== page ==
# Specify the inverse of the matrix $g_{ij}=langle v_i,v_jrangle$, where $(v_1,...,v_n)$ is a basis

Mathematics Asked by Filippo on December 1, 2020

Let $$V$$ be an inner product space with a basis $$(v_1,…,v_n)$$.

I know that the Gram matrix
$$begin{equation} G=begin{pmatrix} langle v_1,v_1rangle&cdots&langle v_1,v_nrangle\ vdots&&vdots\ langle v_n,v_1rangle&cdots&langle v_n,v_nrangle end{pmatrix}=begin{pmatrix} g_{11}&cdots&g_{1n}\ vdots&&vdots\ g_{n1}&cdots&g_{nn} end{pmatrix} end{equation}$$
is invertible, but is it possible to explicitly specify the inverse (maybe involving the dual basis)?

Motivation: For those who have heard about the metric tensor: I’d like to have a formula for $$g^{ij}$$ (which boils down to the question above).

First of all, we know that begin{align*} phicolon V&to V^*\ v&mapstolangle v|,cdot,rangle end{align*} is an isomorphism. We can construct an inner product on $$V^*$$ by defining $$begin{equation} langleomega,etarangle=leftlanglephi,^{-1}(omega),phi,^{-1}(eta)rightrangle end{equation}$$ for $$omega,etain V^{*}$$. With this definition, you can easily prove that $$begin{equation} begin{pmatrix} g^{11}&cdots&g^{1n}\ vdots&&vdots\ g^{n1}&cdots&g^{nn} end{pmatrix}:= begin{pmatrix} langle v^1,v^1rangle&cdots&langle v^1,v^nrangle\ vdots&&vdots\ langle v^n,v^1rangle&cdots&langle v^n,v^nrangle end{pmatrix} end{equation}$$ is the inverse of $$G$$.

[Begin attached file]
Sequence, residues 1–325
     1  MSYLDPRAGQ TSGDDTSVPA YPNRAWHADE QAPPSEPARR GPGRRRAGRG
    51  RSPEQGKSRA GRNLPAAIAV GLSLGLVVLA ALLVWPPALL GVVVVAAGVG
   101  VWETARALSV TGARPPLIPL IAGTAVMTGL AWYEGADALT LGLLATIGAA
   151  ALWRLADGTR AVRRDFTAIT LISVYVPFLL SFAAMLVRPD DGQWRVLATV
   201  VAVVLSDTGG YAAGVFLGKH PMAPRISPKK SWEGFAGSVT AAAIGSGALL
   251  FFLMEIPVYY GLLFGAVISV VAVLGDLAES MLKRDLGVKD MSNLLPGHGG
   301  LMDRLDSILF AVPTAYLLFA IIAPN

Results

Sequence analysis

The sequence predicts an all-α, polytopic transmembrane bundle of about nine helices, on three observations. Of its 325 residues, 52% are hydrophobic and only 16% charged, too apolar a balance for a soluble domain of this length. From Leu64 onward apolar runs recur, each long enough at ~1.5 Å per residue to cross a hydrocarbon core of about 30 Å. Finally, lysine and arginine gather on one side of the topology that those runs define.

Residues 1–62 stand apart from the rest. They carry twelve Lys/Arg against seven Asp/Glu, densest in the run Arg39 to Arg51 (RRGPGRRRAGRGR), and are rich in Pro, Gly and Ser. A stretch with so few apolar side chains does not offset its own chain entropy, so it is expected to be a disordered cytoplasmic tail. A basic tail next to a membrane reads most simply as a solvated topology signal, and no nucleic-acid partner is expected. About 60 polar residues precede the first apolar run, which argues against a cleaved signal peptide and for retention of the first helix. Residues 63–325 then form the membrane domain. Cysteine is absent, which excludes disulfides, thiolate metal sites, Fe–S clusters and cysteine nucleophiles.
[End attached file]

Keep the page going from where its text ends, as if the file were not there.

Correct answer by Filippo on December 1, 2020

If $$v_i=sum_{j=1}^n a_{ij}e_j$$ with the $$e_j$$'s forming an orthonormal basis, $$langle v_i,v_jrangle=sum_{k=1}^n a_{ik} a_{jk}$$ and hence $$U= big(langle v_i,v_jranglebig)_{i,j=1}^n=AA^T,$$ where $$A=(a_{ij})_{i,j=1}^n$$.

So $$U^{-1}=A^{-T}A^{-1}$$.

Answered by Yiorgos S. Smyrlis on December 1, 2020